Helen Knott of the Prophet River First Nation said in an interview from the protest site that she and six other demonstrators are camped at Rocky Mountain Fort, the former site of a North West Company fur-trading post established in 1794 on the west side of the Moberly River, near Fort St. John.

06/01/16
Author: 
Sean Sweeney
Trade Unions for Energy Democracy logo

The final months of 2015 saw a large growth in support for TUED in the US and UK

In the final months of 2015, seven unions representing approximately 4.6 million workers have joined Trade Unions for Energy Democracy.  Five of the unions are from the US and two are from the UK.

05/01/16
Author: 
Jonny Wakefield
A charter helicopter lifted a survival trailer with a wood stove and bunk house, shown here, to the site in late December. The next day, Hydro posted notice that the area would be cleared for logging. Photo Courtesy of Helen Knott

Site C opponents dug in on the south bank of the Peace River say they're not going anywhere, despite an eviction notice from BC Hydro.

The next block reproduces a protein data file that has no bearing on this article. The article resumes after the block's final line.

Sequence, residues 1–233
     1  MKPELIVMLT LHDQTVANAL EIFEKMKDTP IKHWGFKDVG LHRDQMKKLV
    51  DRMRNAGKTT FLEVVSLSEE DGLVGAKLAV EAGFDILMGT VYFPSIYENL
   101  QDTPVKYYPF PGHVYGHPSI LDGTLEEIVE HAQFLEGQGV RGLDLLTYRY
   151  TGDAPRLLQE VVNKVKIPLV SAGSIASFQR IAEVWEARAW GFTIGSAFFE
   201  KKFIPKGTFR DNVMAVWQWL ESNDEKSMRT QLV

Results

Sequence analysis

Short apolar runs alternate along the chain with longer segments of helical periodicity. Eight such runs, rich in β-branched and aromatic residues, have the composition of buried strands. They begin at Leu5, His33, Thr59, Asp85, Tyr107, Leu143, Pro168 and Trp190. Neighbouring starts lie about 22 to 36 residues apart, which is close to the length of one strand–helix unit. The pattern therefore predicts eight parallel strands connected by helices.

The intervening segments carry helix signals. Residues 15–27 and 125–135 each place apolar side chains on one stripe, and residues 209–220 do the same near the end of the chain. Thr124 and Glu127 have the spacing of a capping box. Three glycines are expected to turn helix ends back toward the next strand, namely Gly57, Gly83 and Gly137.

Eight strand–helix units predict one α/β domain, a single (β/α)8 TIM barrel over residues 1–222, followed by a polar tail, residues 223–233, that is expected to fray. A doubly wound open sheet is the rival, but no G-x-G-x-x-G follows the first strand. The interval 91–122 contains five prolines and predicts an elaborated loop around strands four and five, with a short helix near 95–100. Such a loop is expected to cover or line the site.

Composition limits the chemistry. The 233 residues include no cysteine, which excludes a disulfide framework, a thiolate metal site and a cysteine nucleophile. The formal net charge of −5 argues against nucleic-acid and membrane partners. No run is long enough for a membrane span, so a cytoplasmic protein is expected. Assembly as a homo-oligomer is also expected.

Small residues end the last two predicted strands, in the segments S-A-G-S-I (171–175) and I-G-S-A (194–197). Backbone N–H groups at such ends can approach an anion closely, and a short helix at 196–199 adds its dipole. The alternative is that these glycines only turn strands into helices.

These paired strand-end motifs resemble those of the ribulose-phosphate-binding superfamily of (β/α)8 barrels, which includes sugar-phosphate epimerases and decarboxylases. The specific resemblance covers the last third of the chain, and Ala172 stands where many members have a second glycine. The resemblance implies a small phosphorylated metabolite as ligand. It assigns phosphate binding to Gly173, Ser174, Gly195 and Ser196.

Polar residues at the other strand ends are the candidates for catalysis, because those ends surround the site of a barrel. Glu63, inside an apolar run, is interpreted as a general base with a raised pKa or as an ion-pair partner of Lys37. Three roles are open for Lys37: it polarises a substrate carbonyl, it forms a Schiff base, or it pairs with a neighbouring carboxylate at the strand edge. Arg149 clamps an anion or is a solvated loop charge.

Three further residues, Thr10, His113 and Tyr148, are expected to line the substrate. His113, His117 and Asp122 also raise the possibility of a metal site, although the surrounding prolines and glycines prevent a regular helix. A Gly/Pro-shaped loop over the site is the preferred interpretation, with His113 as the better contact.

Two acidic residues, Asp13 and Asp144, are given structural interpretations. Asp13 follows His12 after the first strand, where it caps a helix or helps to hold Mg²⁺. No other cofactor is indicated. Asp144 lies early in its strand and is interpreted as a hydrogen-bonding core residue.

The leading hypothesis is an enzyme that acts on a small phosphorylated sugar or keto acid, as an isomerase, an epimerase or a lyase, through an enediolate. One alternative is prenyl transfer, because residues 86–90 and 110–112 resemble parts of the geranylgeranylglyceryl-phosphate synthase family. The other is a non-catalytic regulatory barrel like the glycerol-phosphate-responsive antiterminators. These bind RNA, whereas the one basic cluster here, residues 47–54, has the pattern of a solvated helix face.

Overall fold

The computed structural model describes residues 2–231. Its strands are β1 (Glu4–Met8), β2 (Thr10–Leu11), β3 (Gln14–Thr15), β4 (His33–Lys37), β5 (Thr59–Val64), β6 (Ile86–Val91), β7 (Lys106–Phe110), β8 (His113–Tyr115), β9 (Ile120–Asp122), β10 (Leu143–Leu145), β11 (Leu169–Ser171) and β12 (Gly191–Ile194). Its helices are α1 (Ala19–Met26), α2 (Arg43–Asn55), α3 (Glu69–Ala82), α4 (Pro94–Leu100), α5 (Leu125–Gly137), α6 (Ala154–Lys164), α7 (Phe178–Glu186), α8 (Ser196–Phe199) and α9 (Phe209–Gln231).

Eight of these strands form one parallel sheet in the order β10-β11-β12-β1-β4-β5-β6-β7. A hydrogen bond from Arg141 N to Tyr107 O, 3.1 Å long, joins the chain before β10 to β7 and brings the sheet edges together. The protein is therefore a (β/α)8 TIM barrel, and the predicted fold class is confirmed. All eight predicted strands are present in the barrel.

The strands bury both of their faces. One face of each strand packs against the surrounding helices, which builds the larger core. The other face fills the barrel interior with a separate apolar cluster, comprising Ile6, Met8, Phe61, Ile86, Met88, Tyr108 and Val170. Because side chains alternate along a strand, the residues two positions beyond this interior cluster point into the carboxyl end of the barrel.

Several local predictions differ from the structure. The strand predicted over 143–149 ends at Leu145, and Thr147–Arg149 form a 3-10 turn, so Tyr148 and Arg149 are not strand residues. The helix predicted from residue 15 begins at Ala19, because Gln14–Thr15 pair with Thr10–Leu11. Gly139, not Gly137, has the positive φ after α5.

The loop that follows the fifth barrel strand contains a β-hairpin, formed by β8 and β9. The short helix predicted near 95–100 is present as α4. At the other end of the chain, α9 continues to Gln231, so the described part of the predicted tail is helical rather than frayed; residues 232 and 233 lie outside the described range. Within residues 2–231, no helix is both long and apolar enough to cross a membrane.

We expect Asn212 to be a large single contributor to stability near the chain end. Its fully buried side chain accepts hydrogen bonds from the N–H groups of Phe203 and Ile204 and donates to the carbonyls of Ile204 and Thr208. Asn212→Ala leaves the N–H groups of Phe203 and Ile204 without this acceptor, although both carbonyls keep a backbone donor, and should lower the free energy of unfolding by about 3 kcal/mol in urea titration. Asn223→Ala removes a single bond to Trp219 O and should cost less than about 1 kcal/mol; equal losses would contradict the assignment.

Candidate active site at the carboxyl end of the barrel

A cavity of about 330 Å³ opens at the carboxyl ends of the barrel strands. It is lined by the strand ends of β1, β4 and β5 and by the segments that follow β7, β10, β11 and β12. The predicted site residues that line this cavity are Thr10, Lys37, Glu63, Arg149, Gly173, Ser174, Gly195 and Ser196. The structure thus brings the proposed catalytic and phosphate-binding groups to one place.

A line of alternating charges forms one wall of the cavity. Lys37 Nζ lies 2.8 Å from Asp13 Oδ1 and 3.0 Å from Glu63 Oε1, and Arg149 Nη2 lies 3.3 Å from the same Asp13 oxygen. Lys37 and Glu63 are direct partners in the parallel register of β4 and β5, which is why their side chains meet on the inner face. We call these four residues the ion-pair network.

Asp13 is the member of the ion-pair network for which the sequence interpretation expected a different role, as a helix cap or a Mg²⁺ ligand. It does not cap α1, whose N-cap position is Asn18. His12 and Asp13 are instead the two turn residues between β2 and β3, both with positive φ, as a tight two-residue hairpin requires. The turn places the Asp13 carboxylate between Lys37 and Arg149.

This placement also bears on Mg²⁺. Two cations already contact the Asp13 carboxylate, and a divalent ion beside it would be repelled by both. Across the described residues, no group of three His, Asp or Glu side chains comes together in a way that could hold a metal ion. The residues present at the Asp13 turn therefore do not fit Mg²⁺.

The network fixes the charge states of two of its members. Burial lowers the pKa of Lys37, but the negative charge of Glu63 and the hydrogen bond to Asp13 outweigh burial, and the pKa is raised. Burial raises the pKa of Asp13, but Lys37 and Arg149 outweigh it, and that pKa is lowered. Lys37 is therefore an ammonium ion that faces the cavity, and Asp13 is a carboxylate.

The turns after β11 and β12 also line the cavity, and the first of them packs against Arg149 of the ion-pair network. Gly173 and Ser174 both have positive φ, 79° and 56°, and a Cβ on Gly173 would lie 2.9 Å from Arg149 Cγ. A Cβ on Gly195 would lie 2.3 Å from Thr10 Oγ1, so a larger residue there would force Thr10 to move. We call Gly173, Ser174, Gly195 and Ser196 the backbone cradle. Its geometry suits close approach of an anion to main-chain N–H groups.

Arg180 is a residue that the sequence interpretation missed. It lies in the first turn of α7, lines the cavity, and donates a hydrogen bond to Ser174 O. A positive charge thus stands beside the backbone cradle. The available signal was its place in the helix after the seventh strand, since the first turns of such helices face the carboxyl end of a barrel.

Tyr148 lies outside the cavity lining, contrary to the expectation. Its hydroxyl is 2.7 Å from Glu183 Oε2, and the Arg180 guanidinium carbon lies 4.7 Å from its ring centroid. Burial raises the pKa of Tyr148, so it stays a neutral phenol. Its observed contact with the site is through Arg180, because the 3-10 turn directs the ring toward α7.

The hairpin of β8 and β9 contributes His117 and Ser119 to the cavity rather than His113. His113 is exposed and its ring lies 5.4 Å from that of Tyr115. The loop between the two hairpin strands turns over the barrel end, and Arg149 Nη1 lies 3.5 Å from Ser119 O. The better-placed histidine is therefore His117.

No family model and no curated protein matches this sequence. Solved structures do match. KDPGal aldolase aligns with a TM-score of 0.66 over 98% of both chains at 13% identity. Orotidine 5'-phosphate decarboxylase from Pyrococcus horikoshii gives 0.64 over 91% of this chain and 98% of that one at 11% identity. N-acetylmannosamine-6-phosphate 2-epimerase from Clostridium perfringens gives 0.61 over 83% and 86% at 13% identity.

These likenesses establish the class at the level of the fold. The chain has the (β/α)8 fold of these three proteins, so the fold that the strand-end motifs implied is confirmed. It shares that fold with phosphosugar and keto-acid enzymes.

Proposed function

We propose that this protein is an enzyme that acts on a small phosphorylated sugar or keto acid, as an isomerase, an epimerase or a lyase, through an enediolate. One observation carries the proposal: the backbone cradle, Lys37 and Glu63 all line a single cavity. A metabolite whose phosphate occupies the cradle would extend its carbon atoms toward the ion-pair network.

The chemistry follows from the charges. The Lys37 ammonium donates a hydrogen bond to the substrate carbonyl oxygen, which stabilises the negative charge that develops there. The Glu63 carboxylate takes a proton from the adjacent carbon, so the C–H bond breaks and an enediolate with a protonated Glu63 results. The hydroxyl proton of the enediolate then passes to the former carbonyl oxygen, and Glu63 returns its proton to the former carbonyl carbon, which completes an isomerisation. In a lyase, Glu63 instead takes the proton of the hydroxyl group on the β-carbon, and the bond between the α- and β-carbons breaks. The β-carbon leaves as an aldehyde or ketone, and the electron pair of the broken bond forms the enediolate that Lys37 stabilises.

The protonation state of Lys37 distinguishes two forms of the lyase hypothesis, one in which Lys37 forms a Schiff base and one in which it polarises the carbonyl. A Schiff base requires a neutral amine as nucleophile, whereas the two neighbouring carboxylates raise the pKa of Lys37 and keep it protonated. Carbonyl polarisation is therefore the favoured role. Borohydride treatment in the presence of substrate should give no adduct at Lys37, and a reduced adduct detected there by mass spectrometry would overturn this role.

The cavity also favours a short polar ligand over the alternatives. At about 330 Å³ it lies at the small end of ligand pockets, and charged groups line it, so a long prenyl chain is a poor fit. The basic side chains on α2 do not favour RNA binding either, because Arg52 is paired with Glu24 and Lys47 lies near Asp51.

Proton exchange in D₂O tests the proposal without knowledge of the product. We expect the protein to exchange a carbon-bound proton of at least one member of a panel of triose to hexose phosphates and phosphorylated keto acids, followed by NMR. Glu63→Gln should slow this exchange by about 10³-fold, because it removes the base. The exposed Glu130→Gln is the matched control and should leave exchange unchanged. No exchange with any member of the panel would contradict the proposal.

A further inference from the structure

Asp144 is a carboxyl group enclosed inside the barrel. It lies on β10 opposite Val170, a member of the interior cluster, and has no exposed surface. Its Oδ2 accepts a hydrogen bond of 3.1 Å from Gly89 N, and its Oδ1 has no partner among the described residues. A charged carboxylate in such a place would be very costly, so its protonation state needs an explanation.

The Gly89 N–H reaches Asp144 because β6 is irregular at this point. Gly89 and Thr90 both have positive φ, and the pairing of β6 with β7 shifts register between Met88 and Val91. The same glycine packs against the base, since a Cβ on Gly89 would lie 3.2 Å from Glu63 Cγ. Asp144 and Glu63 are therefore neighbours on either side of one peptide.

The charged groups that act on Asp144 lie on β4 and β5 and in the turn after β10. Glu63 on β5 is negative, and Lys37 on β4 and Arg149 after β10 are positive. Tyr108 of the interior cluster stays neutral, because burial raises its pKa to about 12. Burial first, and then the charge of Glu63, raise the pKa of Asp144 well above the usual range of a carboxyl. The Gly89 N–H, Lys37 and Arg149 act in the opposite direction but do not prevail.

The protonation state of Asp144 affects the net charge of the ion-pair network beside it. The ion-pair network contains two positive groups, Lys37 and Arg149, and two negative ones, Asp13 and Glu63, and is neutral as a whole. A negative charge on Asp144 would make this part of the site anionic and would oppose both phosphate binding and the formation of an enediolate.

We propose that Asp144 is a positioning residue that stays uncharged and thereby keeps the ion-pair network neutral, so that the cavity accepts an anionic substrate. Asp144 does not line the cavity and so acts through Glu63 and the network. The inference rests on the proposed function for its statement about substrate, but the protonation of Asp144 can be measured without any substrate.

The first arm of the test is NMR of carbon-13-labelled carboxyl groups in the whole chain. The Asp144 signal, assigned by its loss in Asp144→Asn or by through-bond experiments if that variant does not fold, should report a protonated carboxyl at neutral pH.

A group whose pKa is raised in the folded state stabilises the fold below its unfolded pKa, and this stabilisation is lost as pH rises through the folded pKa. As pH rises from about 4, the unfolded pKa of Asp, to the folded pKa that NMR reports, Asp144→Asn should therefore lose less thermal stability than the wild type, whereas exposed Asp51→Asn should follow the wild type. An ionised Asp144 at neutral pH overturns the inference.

A dozen people opposed to the $8.8-billion dam have been living in shifts at the historic Rocky Mountain Fort since mid-December. The camp is set up on the site of an 18th century fur trade fort, upstream from the confluence of the Peace and Moberly Rivers.  

05/01/16
Author: 
Jonny Wakefield
A charter helicopter lifted a survival trailer with a wood stove and bunk house, shown here, to the site in late December. The next day, Hydro posted notice that the area would be cleared for logging. Photo Courtesy of Helen Knott

Site C opponents dug in on the south bank of the Peace River say they're not going anywhere, despite an eviction notice from BC Hydro. 

A dozen people opposed to the $8.8-billion dam have been living in shifts at the historic Rocky Mountain Fort since mid-December. The camp is set up on the site of an 18th century fur trade fort, upstream from the confluence of the Peace and Moberly Rivers.